Challenge Language Arts 4
21 November 2014
The Pearl: A Classic to Last the Ages
Literature has been a pastime of humanity since its very invention. As long as there have been books, there have been people to read them. But some books stand out amongst all others.
These books endure the test of time, we call them classics. John Steinbeck's, The Pearl, undoubtedly deserves it's status as a classic.
This novella has a myriad of themes and lessons, but a few pop out, and stretch throughout the entire book. One of the primary themes in The Pearl is Kino's instincts, as Kino encounters possible danger or deceit, the music he hears in his head changes to something more sinister and warning. An example of this is when Steinbeck describes how "the music of evil was sounding in his head and he was fierce and afraid" (36). Not a page later someone comes and attacks Kino in a attempt to steal his pearl. His music is especially intense when his family is endangered, like in this instance, "In his mind a new song had come, the Song of Evil, the music of the enemy, of any foe of the family, a savage, secret, dangerous melody, and underneath, the
Song of the Family cried plaintively" (5). This is from the part where Kino's son, Coyotito, is about to be stung by a scorpion. These examples support the theme because they show how protective Kino is over his family and how the instinct to protect them trumps everything else.
The second major theme in this story is greed. Kino's greed costs him a lot in the end.
This theme is conveyed by these parts in the story. The most obvious is when Steinbeck writes,
"For it is said humans are never satisfied, that you give them one thing and they want something more"(25). Another time greed is portrayed is, when Kino turns down the pearl buyers offer because he believes he can get more. Even though what he is being offered is more than he has ever had in his life. He is so focused on having everything he wants, that he doesn't even stop to consider that the pearl buyers might be telling the truth when they tell him it is not worth much.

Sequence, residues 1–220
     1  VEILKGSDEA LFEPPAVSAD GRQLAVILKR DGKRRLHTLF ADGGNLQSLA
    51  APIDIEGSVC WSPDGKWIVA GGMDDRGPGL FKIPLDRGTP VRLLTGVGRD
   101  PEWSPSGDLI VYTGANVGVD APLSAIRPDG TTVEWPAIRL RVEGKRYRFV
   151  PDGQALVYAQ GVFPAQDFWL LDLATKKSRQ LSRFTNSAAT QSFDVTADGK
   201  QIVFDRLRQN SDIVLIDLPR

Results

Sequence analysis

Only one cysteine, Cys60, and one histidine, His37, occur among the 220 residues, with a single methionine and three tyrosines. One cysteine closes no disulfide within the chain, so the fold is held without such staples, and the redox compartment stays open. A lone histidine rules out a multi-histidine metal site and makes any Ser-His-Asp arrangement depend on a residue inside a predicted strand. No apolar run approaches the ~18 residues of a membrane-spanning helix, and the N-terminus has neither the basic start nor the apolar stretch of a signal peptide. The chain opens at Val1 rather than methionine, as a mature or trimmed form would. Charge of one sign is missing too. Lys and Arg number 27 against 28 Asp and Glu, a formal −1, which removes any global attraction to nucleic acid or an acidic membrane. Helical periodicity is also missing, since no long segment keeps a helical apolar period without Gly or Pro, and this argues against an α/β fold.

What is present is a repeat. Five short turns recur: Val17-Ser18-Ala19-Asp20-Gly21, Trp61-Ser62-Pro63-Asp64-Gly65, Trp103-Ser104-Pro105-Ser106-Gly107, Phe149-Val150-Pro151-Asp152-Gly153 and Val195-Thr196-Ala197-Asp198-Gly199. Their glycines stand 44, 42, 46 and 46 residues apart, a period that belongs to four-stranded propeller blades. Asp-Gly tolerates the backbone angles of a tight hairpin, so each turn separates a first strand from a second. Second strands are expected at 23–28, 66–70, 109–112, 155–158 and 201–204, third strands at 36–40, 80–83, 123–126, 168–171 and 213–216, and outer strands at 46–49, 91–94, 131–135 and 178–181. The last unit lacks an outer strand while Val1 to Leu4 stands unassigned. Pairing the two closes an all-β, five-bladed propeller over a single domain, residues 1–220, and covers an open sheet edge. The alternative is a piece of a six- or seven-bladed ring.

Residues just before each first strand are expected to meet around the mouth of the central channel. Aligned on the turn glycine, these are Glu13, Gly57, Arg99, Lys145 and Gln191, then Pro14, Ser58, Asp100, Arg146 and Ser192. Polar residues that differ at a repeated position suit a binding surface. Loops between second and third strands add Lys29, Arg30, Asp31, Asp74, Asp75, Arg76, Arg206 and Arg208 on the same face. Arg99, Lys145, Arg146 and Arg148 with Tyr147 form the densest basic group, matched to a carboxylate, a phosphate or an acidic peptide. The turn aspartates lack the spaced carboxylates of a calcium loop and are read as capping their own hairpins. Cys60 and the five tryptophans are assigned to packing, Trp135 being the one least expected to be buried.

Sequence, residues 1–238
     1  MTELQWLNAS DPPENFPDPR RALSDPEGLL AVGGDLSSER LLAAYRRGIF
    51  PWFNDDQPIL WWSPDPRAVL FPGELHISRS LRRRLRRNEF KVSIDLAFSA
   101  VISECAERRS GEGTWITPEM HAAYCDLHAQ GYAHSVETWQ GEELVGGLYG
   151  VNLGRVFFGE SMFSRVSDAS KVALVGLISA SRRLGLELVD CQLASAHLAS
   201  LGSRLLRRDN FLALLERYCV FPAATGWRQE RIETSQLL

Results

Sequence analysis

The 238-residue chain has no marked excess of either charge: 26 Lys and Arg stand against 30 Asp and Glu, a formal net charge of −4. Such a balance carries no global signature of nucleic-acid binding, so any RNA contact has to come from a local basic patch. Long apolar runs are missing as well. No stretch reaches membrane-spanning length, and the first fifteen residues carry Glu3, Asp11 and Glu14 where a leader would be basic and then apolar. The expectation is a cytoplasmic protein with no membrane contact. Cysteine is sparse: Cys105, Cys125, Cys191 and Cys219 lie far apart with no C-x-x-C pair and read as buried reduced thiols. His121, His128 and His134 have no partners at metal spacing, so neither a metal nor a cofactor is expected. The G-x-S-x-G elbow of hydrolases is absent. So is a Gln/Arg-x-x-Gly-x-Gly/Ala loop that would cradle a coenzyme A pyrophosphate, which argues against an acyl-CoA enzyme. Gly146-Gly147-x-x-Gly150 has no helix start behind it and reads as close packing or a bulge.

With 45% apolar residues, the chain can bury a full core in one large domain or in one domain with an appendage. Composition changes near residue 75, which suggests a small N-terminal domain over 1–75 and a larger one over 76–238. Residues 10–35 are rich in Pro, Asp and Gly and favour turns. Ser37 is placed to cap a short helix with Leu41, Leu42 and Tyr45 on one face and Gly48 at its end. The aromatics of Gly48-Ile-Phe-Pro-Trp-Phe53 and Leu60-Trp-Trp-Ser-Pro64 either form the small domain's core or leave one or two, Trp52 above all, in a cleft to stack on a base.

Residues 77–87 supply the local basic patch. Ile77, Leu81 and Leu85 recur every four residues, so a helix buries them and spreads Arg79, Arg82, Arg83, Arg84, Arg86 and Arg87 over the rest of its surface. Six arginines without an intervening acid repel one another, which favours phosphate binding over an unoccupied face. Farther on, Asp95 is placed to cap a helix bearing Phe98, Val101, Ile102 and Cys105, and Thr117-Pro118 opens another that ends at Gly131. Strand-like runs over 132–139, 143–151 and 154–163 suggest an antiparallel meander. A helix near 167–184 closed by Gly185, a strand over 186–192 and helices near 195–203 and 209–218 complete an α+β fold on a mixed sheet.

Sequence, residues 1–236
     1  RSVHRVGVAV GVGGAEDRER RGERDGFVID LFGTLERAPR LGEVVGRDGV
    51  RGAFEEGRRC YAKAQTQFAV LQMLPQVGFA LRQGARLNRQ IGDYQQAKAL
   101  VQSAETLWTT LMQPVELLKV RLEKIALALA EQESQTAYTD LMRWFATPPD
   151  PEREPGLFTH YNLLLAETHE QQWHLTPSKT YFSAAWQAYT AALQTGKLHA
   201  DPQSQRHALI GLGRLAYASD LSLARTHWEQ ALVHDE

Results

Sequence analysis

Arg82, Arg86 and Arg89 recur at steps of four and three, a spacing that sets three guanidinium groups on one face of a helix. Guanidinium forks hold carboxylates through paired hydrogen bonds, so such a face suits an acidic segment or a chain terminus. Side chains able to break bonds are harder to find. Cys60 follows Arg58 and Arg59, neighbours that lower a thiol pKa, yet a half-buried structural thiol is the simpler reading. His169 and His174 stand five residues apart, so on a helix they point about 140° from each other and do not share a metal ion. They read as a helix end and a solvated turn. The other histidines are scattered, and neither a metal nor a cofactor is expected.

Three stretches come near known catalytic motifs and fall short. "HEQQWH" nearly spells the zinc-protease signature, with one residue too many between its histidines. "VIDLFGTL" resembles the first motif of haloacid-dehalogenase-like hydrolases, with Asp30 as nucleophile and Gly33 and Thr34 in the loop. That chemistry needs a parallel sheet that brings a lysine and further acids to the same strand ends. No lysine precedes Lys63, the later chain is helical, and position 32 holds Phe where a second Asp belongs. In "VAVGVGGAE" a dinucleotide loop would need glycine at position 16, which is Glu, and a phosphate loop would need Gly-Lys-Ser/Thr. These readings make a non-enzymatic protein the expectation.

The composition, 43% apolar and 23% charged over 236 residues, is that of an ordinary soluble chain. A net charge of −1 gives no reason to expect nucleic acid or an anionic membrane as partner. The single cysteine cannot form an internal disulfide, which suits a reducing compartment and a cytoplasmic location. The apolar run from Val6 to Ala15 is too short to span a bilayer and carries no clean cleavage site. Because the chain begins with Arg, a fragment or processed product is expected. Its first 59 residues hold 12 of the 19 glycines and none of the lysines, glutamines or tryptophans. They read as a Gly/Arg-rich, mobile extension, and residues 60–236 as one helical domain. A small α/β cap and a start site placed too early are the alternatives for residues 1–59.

My last example is where Kino is talking about what he will get once he sells the pearl. As he considers, he progressively picks more luxurious and expensive things. This has to do with the theme because, he should be satisfied with what he can get, but he wants more and more until he is considering things that would be almost unimaginable.
This story also has an active use of foreshadowing. The first event that is hinted at several times throughout the story is the death of Coyotito, Kino's son. It is clearly foreshadowed during this bit, 'It will destroy us all,' Juana cried. 'Even our son.' (Steinbeck 39). Juana says this as she talks about the pearl. Later on, it is Kino's desperation to start a new life using the pearl that gets his son killed. It was also foreshadowed when Coyotito almost dies from the scorpion's sting, and the doctor's medicine. A third time it was foreshadowed was here, " 'Our son must learn to read,' he said frantically. And there in the pearl Coyotito's face, thick and feverish from the medicine"
(71). This is foreshadowing because as he is trying to imagine his son's future, all he sees is him sick, and about to die, instead of the happy outcome he's hoping for.
The next thing foreshadowed is the pearl being something like a poison, after Kino got the pearl things started going downhill. My first example of where this was foreshadowed is on pages 49 through 51, where the pearl sellers tell Kino the pearl is practically worthless. This backs my statement because, they talk about how the pearl will die in a few months, the same sort of thing happens with Kino's wishes for the pearl. Another example is on pages 37 and 38,
Kino gets injured when someone tries to steal the pearl from his hut when they think he's sleeping. He manages to fight them off, but that is only the beginning of